What I meant is: the NFL "could" just take those 14 teams into a single bracket, seeding the top 8 division winners perhaps, or some other way. But they purposefully have two separate brackets that feed into the championship.

This prevents something like the Rams vs the 49ers as the Super Bowl. And yes I realize that's probably a silly example, as there was a Super Bowl back in the Steve Young/Junior Seau days of the 9ers vs Chargers.

But college football conference are much more exclusive in geography. So you could rig it up with PAC/Big Ten/Big XII teams on one side, and SEC/ACC teams on the other side, or something like this. Likely won't happen, and maybe it would be a terrible idea. Just saying.

I think it's a big turn off to a lot of casual fans around the country, and perhaps some non-casual fans like myself, if the natty is just the Deep South Bowl every year. I have no interest in tuning into that. But that's speaking for myself.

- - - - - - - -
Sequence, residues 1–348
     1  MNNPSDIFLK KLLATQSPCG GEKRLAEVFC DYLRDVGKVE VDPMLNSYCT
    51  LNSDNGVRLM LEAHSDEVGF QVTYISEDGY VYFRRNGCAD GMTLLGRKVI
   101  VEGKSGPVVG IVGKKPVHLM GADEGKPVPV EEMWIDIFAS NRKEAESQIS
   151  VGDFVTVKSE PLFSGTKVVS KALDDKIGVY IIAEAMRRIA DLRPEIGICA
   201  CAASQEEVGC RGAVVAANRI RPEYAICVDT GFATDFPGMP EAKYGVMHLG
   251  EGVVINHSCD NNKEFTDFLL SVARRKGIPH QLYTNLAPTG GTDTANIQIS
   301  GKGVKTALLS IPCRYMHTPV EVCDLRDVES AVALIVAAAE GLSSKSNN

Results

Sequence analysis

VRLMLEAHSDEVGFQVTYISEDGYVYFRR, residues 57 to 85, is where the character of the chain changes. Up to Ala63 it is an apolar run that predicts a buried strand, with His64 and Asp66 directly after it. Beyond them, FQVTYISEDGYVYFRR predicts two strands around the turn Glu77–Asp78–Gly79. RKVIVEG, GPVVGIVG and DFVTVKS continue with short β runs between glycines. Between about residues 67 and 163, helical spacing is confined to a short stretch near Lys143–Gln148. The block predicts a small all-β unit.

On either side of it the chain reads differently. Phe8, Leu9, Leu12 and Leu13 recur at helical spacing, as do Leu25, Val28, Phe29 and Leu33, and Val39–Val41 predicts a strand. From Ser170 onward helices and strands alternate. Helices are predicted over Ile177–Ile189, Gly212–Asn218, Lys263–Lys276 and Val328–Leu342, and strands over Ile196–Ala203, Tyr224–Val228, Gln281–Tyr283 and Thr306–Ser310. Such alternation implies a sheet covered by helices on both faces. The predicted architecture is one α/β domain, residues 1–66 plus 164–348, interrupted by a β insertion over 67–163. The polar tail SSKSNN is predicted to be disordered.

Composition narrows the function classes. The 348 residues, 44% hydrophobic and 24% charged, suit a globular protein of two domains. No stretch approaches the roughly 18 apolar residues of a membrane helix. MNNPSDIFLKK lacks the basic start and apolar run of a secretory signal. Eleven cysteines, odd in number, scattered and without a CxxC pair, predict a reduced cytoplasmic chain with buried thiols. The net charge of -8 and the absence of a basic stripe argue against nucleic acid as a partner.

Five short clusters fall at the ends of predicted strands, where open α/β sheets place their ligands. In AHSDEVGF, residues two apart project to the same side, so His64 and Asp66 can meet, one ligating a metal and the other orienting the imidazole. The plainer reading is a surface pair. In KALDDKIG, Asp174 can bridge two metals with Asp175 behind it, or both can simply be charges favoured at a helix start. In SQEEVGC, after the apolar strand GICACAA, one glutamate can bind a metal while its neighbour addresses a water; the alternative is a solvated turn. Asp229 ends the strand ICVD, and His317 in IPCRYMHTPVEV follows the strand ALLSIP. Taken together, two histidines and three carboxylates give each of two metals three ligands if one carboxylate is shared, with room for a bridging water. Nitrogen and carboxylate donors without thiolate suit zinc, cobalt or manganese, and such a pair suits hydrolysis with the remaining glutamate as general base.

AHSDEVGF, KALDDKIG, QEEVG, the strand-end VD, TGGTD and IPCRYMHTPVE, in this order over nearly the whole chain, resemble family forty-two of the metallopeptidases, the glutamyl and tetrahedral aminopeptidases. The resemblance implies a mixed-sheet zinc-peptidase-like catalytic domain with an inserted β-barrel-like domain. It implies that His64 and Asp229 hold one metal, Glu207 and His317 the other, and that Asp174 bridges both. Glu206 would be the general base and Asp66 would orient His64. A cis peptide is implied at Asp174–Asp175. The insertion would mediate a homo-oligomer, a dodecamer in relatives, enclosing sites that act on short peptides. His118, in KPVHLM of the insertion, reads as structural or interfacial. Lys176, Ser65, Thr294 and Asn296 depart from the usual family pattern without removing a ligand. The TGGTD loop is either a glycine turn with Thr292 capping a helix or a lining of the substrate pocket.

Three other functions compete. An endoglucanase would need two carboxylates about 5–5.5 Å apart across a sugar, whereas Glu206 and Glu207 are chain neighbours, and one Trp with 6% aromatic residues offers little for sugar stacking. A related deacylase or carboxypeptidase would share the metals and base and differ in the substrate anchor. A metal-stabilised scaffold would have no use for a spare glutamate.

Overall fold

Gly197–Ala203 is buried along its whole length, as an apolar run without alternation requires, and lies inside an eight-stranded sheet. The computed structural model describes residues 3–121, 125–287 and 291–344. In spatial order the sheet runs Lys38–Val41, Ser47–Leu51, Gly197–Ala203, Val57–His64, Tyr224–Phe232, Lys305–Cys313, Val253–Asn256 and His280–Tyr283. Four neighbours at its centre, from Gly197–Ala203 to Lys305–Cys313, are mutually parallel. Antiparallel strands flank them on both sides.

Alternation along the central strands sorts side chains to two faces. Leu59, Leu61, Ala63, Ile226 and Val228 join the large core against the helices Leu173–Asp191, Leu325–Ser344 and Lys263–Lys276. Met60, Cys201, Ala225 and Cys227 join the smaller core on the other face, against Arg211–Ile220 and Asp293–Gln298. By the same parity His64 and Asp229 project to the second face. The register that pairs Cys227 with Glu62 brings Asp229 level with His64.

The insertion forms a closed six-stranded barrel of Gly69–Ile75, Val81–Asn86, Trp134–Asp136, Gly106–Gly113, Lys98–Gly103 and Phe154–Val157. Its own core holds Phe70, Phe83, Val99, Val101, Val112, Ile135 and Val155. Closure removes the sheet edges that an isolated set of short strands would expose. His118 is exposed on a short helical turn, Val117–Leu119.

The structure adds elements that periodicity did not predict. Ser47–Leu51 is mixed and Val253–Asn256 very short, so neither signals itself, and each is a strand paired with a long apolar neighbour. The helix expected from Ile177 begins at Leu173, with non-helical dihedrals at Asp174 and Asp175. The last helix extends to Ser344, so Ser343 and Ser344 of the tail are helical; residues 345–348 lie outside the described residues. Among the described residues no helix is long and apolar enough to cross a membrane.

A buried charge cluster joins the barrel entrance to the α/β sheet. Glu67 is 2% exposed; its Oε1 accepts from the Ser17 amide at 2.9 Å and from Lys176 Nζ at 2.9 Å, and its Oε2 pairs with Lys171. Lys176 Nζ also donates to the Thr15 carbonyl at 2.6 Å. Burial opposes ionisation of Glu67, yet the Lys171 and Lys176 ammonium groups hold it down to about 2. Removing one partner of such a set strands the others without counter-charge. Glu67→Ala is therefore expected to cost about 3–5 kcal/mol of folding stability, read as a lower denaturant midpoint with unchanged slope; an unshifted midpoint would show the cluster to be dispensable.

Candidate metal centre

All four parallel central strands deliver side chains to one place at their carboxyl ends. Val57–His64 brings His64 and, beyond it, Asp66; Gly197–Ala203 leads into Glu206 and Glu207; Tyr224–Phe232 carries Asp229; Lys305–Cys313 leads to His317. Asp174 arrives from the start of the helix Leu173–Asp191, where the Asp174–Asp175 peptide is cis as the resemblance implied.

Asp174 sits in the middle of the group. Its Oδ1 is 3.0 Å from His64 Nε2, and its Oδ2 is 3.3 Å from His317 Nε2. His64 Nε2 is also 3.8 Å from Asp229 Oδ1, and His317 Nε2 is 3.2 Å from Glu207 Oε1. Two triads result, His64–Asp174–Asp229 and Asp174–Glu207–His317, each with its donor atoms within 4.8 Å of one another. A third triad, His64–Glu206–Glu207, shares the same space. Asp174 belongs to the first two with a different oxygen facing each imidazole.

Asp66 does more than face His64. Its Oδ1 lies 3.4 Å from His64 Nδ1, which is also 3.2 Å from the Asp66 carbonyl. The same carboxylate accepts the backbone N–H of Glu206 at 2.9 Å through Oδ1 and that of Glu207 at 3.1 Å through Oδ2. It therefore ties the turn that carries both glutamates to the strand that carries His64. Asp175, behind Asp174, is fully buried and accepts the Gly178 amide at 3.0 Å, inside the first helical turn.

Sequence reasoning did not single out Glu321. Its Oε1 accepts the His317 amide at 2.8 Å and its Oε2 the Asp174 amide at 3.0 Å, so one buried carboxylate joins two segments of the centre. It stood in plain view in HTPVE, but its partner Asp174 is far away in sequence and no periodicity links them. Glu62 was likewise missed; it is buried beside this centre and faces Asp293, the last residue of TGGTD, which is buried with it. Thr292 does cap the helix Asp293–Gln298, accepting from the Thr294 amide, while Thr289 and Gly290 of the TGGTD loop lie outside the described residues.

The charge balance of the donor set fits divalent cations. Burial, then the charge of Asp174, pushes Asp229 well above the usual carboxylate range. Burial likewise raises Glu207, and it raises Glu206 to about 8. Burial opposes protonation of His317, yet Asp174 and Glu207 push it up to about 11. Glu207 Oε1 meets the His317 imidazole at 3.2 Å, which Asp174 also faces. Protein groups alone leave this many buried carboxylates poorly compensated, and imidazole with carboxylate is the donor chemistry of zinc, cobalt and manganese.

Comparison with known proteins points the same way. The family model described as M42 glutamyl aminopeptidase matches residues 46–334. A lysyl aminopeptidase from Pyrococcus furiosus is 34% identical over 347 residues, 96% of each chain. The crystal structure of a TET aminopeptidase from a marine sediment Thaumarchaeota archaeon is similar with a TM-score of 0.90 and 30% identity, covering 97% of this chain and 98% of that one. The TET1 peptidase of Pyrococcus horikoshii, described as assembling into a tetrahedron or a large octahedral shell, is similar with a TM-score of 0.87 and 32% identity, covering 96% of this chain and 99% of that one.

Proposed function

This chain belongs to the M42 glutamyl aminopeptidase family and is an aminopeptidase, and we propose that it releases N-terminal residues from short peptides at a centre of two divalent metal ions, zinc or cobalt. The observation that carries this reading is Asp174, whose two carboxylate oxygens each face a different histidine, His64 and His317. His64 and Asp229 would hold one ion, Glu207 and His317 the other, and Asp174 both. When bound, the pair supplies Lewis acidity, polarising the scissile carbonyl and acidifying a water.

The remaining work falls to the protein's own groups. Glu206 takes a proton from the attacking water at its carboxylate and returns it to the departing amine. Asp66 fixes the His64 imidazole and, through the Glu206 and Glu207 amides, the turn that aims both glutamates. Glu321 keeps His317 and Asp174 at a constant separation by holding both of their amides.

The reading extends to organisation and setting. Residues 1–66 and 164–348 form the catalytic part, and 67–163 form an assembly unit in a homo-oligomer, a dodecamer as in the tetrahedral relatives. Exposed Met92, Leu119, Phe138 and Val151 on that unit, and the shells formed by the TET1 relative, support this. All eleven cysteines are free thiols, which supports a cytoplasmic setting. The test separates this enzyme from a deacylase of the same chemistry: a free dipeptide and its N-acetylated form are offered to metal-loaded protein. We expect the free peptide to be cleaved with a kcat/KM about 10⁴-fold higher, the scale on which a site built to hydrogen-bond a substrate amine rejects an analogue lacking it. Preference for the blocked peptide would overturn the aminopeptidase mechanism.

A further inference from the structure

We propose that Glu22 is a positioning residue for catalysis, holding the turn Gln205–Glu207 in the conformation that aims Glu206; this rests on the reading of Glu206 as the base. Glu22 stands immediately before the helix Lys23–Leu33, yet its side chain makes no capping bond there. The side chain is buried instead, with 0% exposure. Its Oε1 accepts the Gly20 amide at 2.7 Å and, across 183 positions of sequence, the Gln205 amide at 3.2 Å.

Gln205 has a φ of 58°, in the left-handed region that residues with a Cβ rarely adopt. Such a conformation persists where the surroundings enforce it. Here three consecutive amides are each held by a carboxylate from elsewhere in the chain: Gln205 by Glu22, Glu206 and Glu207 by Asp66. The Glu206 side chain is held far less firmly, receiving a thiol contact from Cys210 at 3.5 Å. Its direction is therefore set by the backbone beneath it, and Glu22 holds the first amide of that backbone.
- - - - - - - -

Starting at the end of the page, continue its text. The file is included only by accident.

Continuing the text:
Yeah. And the nature of college football is there aren’t enough games to create objective top 4s

Five thirty eight did a good article on how the committee has been given the wrong task

 

discochris

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you could expand the playoff to 12 and make the regular season more important if you did it right. Or you could expand to 12 and ruin college football.
That's why auto-bids for conference champions are so important in an expanded system. It makes the regular season extremely important.
 

swelna

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Yeah. And the nature of college football is there aren’t enough games to create objective top 4s

Five thirty eight did a good article on how the committee has been given the wrong task

I kinda hope they do the same simulation for this year. I don't think the outcome would have changed, but I'd be curious to see if Cincinnati or Michigan got swapped with a different team. I'd also be curious how the chances of being the best team changed when Georgia lost the SEC championship, we they still most likely or would it have flipped to Alabama?
 

Some guy